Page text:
Expectations of supervisors
When taking on an apprentice or trainee, the employer is agreeing to train them in the skills they need to become qualified. This means they need someone to supervise the apprentice or trainee, to show them how to perform tasks to the standard needed and to guide them to achieve that standard.
The supervisor will need skills and experience in the occupation to be able to train the apprentice or trainee, and there may be limits on the numbers of apprentices and trainees that can be supervised by one person. The supervisor will need time dedicated to supervising the apprentice or trainee in their work and training.
Taking the time to supervise and manage the Australian Apprentice
The employer will need to make sure the supervisor of an apprentice or trainee is able to spend time working with the Australian Apprentice. As part of this time spent with the apprentice or trainee, the supervisor should:
- demonstrate skills and explain how to perform them
- watch the apprentice or trainee practice skills and correct them if needed
- monitor progress against the formal training undertaken by the apprentice or trainee
- help the apprentice and trainee work with other staff or clients
- provide feedback across the work and training of the Australian Apprentice.
In some industries the apprentice or trainee will not be able to work independently while they are developing skills and will need close supervision. As their skills develop they may be able to work more independently.
If you are unsure about how supervision may work in your industry, you should talk with an industry organisation or Registered Training Organisation that delivers the relevant qualification.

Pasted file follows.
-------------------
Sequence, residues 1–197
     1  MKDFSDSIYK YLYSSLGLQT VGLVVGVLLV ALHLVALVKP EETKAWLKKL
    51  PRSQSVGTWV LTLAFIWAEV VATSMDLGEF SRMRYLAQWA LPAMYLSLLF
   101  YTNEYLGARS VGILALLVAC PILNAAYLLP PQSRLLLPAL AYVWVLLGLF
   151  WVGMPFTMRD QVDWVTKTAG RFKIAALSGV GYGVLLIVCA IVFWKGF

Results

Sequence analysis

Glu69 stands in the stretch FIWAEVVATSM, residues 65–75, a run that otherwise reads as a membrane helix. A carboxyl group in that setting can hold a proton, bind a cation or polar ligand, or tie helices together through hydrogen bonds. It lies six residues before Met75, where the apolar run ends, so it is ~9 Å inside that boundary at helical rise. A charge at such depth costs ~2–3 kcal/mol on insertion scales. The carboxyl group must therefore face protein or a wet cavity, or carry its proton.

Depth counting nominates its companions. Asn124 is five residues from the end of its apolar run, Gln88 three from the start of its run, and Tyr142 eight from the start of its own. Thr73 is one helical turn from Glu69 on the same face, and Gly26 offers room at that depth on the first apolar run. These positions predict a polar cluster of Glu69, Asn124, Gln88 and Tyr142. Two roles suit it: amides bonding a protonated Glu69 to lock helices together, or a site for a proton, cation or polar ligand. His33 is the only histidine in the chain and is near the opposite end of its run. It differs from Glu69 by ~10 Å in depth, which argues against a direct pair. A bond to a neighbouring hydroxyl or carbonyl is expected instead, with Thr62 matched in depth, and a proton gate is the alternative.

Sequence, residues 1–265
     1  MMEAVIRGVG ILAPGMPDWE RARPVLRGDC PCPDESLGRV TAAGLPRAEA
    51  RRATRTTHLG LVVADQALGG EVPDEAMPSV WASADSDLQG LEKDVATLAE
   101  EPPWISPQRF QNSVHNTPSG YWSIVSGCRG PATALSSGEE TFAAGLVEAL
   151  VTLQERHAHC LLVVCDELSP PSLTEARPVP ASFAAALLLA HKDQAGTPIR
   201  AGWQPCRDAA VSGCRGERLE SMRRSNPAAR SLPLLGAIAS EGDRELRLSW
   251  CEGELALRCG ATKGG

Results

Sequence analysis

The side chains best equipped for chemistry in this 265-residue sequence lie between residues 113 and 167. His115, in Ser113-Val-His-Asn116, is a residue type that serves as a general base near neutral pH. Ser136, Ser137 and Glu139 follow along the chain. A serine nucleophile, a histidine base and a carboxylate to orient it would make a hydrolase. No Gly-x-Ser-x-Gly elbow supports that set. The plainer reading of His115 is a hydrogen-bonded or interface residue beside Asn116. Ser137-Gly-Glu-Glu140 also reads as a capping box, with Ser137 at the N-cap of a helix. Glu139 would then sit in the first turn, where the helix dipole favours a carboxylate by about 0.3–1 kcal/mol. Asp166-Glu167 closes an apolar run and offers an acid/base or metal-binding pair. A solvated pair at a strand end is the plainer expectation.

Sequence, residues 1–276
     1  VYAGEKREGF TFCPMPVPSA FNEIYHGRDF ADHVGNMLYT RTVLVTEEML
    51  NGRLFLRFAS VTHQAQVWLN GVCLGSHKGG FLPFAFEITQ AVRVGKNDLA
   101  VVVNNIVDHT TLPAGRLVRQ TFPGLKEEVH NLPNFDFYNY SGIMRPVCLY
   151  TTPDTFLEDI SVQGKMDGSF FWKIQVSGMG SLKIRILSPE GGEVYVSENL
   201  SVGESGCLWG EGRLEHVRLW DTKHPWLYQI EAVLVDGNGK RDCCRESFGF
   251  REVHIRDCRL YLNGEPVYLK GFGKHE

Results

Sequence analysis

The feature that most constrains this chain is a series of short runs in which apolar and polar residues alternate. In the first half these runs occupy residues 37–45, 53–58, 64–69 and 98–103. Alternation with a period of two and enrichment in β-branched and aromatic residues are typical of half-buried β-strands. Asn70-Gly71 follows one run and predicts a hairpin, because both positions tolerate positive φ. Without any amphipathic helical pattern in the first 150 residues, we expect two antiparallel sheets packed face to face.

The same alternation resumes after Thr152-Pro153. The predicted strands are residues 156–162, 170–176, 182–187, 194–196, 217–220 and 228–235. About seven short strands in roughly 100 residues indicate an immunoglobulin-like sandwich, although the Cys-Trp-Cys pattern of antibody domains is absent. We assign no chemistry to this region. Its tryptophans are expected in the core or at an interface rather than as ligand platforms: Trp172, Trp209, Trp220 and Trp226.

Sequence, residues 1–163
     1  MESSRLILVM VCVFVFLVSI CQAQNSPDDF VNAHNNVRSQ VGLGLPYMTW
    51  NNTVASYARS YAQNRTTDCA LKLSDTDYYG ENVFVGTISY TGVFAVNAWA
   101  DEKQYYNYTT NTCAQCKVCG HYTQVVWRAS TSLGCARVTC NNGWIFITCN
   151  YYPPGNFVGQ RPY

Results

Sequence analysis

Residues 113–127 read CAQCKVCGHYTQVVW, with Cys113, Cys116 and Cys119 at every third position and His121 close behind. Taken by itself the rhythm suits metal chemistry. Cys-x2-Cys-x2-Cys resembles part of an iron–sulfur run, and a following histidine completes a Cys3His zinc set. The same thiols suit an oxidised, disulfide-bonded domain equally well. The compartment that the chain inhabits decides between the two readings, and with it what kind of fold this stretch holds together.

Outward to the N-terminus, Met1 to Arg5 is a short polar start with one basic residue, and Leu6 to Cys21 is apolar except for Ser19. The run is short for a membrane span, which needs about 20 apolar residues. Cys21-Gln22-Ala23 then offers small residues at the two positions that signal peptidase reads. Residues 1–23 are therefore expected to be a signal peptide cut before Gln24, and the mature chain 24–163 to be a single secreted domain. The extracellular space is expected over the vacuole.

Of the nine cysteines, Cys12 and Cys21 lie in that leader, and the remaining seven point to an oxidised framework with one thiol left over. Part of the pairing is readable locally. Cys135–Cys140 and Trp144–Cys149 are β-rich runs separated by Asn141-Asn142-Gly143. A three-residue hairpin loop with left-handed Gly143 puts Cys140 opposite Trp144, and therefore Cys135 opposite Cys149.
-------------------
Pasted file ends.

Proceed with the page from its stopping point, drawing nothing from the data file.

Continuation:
Have you considered mentoring?
Mentoring is about recognising the importance of developing both the skills and the character of employees including apprentices and trainees. It is about taking the time to coach them on the job and take an interest in their formal training and personal development.
The mentor does not need to be the same person as the supervisor, they could be another experienced staff member, or even a more experienced apprentice or trainee. Someone who has gone through a similar apprenticeship or traineeship could be a good mentor, in conjunction with the supervisor.
Businesses that put resources into mentoring their apprentices and trainees achieve a much higher completion rate. Larger companies may employ people especially for that purpose, but there are resources available to help small business improve their own mentoring practices or tap into external support.
Mentors also need to be aware of how an apprentice or trainee is being treated by other workers. Making sure that all staff are treated well and treat others well, that there is no bullying, especially of new staff and that there are opportunities to discuss situations will assist in creating a happy work place.